This traditional Tuscan wild boar stew recipe, with dark chocolate, is a WOW! of a dish to serve on a winters night. And given that the bitter cold part of our winter here in Maremma is due to start this weekend, I thought I would share it with you now as I get our wild boar meat out of the freezer to cook it up for a dinner with a difference.
Added bonus is I have no worries about teenage tastebuds not liking this: my young daughter devours it!
Wild boar in Italian is "cinghiale" and this recipe is known in Tuscany as "cinghiale in dolceforte" or "cinghiale agro dolce" - both meaning a bitter-sweet stew.
If you are visiting Maremma and get served anything like this sugary dry confection that I happened to be served at a restaurant that will go unnamed, I will be so sorry. It isn't the real thing.
No self-respecting Tuscan chef would drizzle copious amounts of chocolate ice-cream sauce over a "cinghiale in dolceforte".
Not even a drop.
You can imagine my disappointment, especially as I had ordered it for a visiting Swedish friend to introduce her to this local speciality.
I am going to give you the recipe for the good stuff. The stuff that comes out of Florentine grandmother's kitchens. Made with love and just natural ingredients.
This is "nonna" (grandmother) Alvara's recipe.
You can substitute - and Alvara often did - depending on what grandad and the rest of the town's "cacciatore" (hunters) had caught and shared between them that week - "lepre" (hare). Which works just as wonderfully well.
about 1.5 kilos of wild boar (If you are making the recipe with hare, about half a hare)
30 grams of "prosciutto" (cured) ham - a mix of lean and some with fat
40 grams raisins
30 grams of grated dark chocolate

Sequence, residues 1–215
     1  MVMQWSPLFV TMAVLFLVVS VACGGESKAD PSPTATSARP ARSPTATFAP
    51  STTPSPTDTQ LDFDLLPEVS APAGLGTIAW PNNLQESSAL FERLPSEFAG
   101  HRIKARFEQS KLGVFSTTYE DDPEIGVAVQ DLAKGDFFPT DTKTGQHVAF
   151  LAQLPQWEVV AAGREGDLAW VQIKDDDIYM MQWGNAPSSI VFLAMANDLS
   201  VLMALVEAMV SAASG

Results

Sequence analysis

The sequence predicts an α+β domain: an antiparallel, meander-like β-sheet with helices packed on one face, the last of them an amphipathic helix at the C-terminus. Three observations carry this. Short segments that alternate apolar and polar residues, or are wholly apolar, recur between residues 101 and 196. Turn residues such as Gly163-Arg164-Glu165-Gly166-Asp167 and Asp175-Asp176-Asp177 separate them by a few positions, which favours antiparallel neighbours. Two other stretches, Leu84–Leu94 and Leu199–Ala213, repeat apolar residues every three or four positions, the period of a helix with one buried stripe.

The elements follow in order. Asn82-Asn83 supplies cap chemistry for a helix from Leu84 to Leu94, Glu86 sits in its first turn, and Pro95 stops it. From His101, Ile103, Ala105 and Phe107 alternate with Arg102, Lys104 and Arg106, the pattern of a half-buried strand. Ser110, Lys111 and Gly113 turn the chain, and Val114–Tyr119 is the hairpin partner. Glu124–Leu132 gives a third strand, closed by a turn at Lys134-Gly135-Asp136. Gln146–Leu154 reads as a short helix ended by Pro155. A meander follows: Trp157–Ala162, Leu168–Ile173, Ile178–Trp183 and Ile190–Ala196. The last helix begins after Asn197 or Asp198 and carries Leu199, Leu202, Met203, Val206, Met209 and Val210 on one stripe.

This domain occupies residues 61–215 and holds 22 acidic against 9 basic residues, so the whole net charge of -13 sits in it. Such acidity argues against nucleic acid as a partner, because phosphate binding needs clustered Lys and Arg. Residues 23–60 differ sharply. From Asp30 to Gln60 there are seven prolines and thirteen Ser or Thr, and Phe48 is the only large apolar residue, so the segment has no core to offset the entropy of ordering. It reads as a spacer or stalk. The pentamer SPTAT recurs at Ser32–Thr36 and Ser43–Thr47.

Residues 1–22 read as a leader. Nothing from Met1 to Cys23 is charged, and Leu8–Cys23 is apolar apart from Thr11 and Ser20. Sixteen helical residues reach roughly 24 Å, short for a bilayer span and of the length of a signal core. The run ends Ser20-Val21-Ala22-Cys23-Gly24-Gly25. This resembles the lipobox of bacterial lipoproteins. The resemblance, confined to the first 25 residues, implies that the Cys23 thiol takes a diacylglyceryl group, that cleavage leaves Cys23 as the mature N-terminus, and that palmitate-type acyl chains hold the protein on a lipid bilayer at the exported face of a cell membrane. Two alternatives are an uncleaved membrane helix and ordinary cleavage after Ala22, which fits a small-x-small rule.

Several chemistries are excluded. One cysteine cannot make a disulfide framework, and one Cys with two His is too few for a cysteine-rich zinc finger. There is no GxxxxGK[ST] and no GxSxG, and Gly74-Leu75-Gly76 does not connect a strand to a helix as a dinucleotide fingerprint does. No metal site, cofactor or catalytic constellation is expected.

30 grams of pine nuts
20 grams of candied lemon and orange rind
50 grams of sugar
1/2 an onion
1/2 a large carrot
2 sticks of celery
a pinch of parsley
1 small glass of red wine vinegar
good red wine
extra virgin olive oil
water or stock
salt and pepper
1. Divide the wild boar into 14 pieces. Wash them. Then marinate them overnight in about a half litre of red wine with a little salt.
2. Before cooking, squeeze the pieces and dry them. Then put them into a casserole dish without water: add salt, cover with a lid over a low heat for about 10 minutes so that the meat releases the water it has absorbed. Throw away the released liquid.
3. Chop the vegetables and the ham together with the parsley and brown them with about 6 tablespoons of olive oil, some salt, pepper, and the pieces of wild boar.
4. When the meat has taken on some colour on all sides, drain off a good part of the fat, and sprinkle on a pinch of flour. Stir and cook adding hot water - or stock - a little at a time.
5. In the meantime, prepare the "dolceforte". In a glass put the raisins, the grated chocolate, the pine nuts, the candied peel, the sugar, and "enough" red wine vinegar. Just a little, because there is always time to add more later.
6. Add to the casserole dish with the wild boar and bring to the boil until incorporated. (Note: The sauce always tastes better if it is made the day before and re-heated.)
7. Serve piping hot.
8. For a simpler sauce, make with just the sugar and red wine vinegar.
Serve with a side dish of seasonal vegetables and bread.
Cinghiale in dolceforte at the Trattoria La Grotta in Roccalbegna, where they have been making it for 20 years. Thank you Lucia Lorenzoni :)
Mmmm.... I don't think this sow is best pleased!
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